The city of the future has fungal superpowers!

Posted on 10 January 2019.

The Indonesian start-up Mycotech is growing mycelium-based building materials to create a more sustainable city.

A new market for local farmers - mycelium-based building materials recycle agricultural waste.

Indonesia is one of the most populous countries in the world. Its capital, Jakarta, which along with Bogor, Depok, Tangerang and Bekasi forms the Jabodetabek megalopolis, is the largest urban agglomeration in Southeast Asia. Its population is expected to reach 35 million by 2020!
This demographic explosion is accompanied by a huge demand for housing, work and leisure spaces - and therefore for building materials. Building materials whose negative impact on the environment is well-known, in particular because large amounts of natural resources are extracted to produce them.
Bu what if we could "grow" tomorrow’s building materials? This is the idea behind the Indonesian start-up Mycotech, which makes the most of the incredible power of mycelia - the vegetative part of mushrooms consisting of a mass of branching, thread-like hyphae - to grow 30 x 30 cm building boards.
To make this amazing material, called BIOBO, the mycelium is injected into a sterilized substrate (made of agricultural organic by-products and waste collected from local farmers). The mixture is then placed in a mold inside a dark room.
The mycelium will then grow. It does exactly the same as it would in nature - it feeds on waste to create a dense network of tiny tangled filaments in and around the substrate, filling all the available space. After a few days, a solid, compact material is produced. It then just has to be removed from the mold, left to rest a little longer so it becomes more dense and dried to stop the mycelium’s growth.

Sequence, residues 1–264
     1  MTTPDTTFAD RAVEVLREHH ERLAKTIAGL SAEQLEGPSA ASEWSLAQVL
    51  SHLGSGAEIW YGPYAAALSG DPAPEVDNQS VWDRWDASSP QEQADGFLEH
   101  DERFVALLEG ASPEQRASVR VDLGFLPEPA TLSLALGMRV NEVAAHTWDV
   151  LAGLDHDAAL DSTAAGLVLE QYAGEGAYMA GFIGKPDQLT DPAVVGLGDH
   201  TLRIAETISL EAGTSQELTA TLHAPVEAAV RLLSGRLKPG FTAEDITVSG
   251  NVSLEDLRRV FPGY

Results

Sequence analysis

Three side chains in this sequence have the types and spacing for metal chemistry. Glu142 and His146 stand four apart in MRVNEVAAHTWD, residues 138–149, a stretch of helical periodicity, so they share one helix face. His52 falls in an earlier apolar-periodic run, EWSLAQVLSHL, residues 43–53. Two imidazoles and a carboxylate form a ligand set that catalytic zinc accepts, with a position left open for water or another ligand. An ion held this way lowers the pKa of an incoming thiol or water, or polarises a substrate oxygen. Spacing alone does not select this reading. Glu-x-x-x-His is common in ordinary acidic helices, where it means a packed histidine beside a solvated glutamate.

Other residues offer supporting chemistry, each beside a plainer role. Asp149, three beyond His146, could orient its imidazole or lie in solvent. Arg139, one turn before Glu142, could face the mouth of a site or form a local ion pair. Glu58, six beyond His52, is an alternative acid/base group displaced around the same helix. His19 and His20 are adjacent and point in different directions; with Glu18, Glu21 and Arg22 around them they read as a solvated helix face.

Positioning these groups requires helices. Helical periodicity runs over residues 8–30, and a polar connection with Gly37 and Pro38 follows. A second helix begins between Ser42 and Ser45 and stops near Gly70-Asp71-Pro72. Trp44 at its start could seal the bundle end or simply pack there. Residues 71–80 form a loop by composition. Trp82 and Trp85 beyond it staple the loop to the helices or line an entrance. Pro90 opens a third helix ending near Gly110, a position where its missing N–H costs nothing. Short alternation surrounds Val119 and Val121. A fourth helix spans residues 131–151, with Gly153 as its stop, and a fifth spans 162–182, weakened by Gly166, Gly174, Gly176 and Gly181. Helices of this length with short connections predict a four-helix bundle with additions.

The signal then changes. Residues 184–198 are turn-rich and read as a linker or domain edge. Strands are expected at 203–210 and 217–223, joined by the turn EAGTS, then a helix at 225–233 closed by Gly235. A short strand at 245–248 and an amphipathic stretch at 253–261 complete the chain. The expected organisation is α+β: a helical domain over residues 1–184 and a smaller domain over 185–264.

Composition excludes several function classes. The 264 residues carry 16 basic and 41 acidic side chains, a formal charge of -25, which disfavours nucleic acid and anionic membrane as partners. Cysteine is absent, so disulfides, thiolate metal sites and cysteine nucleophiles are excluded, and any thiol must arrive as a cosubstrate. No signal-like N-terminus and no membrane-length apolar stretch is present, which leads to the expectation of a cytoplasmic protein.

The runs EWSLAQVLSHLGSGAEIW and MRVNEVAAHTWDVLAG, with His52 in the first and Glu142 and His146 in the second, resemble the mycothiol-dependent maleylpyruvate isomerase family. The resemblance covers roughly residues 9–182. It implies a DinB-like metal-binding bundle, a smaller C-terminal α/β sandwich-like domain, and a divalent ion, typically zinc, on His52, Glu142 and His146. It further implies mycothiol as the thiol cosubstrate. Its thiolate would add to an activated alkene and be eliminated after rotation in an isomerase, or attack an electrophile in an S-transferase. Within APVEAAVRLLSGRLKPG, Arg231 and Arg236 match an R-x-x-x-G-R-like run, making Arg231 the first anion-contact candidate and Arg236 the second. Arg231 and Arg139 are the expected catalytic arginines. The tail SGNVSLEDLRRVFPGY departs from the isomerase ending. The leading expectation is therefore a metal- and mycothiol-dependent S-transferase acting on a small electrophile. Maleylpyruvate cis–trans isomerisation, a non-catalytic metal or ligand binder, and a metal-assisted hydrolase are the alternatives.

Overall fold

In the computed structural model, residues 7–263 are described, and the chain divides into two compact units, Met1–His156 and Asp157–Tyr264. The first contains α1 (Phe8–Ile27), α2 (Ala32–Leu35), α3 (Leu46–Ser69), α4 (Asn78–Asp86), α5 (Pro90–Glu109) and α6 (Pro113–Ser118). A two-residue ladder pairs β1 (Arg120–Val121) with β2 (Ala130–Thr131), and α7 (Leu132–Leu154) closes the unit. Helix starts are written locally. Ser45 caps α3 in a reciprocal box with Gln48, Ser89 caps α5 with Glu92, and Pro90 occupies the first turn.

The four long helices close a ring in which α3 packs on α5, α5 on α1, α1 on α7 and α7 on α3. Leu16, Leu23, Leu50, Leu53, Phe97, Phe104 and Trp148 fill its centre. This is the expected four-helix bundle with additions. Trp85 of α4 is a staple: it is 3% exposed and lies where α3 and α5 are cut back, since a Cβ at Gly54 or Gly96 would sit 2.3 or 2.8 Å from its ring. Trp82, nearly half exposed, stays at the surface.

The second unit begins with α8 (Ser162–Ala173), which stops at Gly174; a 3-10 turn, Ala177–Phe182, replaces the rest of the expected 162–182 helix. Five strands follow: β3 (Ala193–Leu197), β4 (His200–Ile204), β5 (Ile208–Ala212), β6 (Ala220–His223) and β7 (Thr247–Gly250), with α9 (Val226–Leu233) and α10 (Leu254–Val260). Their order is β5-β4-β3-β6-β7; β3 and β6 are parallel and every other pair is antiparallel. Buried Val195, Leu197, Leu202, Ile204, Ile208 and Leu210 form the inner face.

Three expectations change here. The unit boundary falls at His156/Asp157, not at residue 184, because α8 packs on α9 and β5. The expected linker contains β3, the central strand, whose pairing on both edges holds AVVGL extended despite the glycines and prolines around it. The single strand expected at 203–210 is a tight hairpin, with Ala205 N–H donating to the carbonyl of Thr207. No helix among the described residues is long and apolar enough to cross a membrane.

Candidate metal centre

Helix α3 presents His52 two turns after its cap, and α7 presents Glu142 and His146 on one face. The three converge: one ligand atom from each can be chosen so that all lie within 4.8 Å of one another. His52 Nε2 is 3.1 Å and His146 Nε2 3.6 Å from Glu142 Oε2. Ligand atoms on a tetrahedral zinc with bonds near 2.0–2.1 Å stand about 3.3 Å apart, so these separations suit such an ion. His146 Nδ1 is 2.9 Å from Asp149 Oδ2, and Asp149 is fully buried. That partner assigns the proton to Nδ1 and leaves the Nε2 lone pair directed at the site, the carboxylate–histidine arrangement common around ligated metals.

Hello Mycotecture!

The method has a number of advantages. Firstly, it lessens pressure on natural resources. No overexploitation of sand or forests. In addition, it can be grown locally, which means it doesn’t have to be transported. And finally, cultivating it requires little energy or water.
The manufacturing process doesn’t produce greenhouse gas emissions. And moreover, the mycelium, which plays a major role in the carbon cycle, absorbs carbon elements. It doesn’t generate waste either, since the production of mycelium-based building materials makes it possible to recycle agricultural waste. It’s a new market for local farmers that gives them the opportunity to generate additional income.
Mycotech works with a number of Indonesian farmers who supply more than three metric tons of waste per month. And someday, when the biomaterial reaches the end of its life, it can be composted too.
All these advantages explain the growing success in construction industry of the mushroom-based solutions that have been developed by researchers and entrepreneurs in recent years. It is called "Mycotecture" and may well grow the furniture and houses of the future - like mushrooms!